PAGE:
Red Snow Suits

Red Snow Suits by sundero
Red Snow Suits, a photo by sundero on Flickr.

I tried to post this for Father’s Day, but had problems posting it.  Sometimes I can’t make things work, and then suddenly I can.  Oh well!  🙂
I wanted to say, this is my Dad and me, when I was little, and I love this picture. It was taken in Denver, I’m sure by my Mom.  I don’t remember living there, we weren’t there very long.  But it looks like we were having fun, in the snow.  Well, ok, it looks like I wanted to get down, I probably wanted to go see the ducks and fall into the water.  🙂

So, Happy Father’s Day (again!) Dad.  I love you!   Thanks for always keeping me from falling into the water! 🙂

Something For Dad

It’s Handmade Monday so of course I’m running very late. I actually had the project mostly done yesterday but I wanted it to dry completely before I put it together which means I couldn’t get my final photos done yesterday, which means I didn’t do my write up –etc etc etc (please read that with Yul Brynner’s voice from The King and I, it’s far more effective…).

Anyway. It’s Father’s Day next Sunday, and I have to get this done and in the mail. My Dad makes the most wonderful cards for people for their birthdays. He’s also difficult to get presents for, so I thought maybe he would like something to help him organize his cards. I’ve been working on it for weeks, and kept running into snags. Finally, it’s done!

I think it turned out well. I’m not going to say this was simple or easy. It combined some things I enjoy with some things I really don’t like to do at all, but I think a lot of projects are like that (sewing –cough cough).

It also gave me an idea for something else I’m going to make, which I’ll share later this summer.

So, let’s head on over and look at how I made my Daddy a Card Keeper. 🙂

Finished Card Keeper

Jets & Eggs –Butter Oh Boy!

My middle son Jordan is probably a better cook than I am.  He is a Foodie with a capital F.  I can honestly say he was born that way. He has always loved food, and was interested in cooking from an early age.  He asked for family recipes as soon as he had his own kitchen and actually made them.  Not only that, he experimented and shared new ones.  Several years ago he decided to make a family recipe that we had made when the boys were young.  It was passed down to us by Jeff’s Mom, and it had been passed on to her by her Mother.  These were an Easter tradition, but he had probably never seen them made because the whole point was to make them without the kids seeing because, of course, the Easter Bunny brought them.

He had some problems with the recipe, and sent the following email out.  It’s pretty funny, at least it had most of us laughing.  I think I know what his problem was, and I’ll explain, plus I will share the recipe and step by step instructions with pictures, so hopefully you can make these without your own disaster.  Read on for Jordan’s details of making Jets and Butter Cream Eggs:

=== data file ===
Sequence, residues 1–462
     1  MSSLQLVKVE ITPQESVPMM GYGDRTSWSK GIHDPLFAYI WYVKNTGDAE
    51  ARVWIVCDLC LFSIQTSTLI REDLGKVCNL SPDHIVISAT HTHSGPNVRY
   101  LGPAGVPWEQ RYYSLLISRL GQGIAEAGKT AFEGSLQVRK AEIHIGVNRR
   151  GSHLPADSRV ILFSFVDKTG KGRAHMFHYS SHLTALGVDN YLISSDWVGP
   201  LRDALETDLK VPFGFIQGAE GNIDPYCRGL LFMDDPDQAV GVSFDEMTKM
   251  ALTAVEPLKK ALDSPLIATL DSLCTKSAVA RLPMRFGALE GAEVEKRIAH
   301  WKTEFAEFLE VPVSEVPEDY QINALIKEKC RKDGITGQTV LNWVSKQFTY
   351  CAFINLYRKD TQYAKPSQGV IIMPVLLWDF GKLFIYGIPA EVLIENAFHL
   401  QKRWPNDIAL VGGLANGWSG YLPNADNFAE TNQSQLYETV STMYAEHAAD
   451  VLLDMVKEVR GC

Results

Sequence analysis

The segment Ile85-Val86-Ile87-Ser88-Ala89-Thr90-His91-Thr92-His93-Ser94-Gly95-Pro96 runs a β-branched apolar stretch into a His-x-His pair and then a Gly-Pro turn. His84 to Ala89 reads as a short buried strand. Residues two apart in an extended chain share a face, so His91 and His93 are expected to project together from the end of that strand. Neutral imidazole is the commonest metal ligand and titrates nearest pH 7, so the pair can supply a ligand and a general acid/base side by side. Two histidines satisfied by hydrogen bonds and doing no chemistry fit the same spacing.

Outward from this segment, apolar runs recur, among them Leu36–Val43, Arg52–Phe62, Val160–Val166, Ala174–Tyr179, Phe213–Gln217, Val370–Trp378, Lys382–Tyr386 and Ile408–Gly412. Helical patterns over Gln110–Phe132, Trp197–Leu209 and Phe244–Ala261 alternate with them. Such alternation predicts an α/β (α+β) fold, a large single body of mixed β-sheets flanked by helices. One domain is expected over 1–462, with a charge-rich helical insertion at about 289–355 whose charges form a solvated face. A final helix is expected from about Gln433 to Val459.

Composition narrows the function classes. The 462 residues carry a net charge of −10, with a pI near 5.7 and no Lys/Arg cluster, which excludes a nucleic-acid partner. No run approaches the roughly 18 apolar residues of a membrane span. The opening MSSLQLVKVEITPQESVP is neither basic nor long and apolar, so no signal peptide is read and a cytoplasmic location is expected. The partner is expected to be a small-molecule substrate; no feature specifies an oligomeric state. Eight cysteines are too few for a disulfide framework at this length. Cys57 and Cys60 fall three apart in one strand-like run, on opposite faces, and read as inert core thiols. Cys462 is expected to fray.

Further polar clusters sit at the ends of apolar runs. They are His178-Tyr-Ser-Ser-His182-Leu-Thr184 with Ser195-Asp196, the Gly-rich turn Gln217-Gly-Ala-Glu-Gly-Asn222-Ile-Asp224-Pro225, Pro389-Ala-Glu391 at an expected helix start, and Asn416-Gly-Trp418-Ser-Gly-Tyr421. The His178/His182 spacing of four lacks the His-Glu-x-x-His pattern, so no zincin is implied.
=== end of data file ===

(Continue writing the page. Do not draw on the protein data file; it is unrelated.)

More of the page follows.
So I really only have half the experiment complete.  Let me explain…

I set out to do two batches of butter cream eggs for Easter.  It had been way too long since I had them, and I was feeling in that holiday spirit.  After reading the recipe, I noted that it called for margarine, not butter.  Being the foodie snob that I am, I couldn’t reconcile why you would use an inferior product in such a rich treat.  Thus, it was off to experts.  Needless to say, Dad does not make enough of these to be an expert, though he did share my enthusiasm for a higher quality treat.  So off to Aunt Jane, the great sage of our family recipes (and in recent years, Granddaddy’s Jet extraordinaire), who suggested that the current recipe may have been altered after Granddaddy’s first heart attack (apparently butter is not exactly good for your heart, and margarine makes a suitable substitute).  She too thought it would be possible that butter would be a better idea than margarine.

With this in mind, I decided to go for the old horse race.  Buy enough ingredients to make the recipe both ways and let my taste buds decide for me.  With thanks and love to Aunt Jane, I promised her a full write-up of my findings (thus the increasingly lengthy e-mail).

Excited by the prospect of fundamentally changing the way our family views one of their favorite Easter treats, I reviewed the recipe, decided to make a double batch of each and headed to the store.  To keep things as equal as possible, I chose Land of Lakes for both the butter and the margarine (thinking at least the quality of ingredients should be the same).  I bought the unseemly large number of bags of powdered sugar (5 bags), and splurged for the really nice bitter chocolate, Sharfen Berger (note that this chocolate is more than 3 times as expensive as the cheaper brand, but is fantastically good).  I was also fortunate enough in my last trip to Henderson to sneak out to Hidalgo’s in Longview (a great Mexican pottery, statue, furniture type store) that actually brings back real Mexican vanilla (like you get from the little shops in Mexico).  It beats vanilla extract from a tiny bottle any day.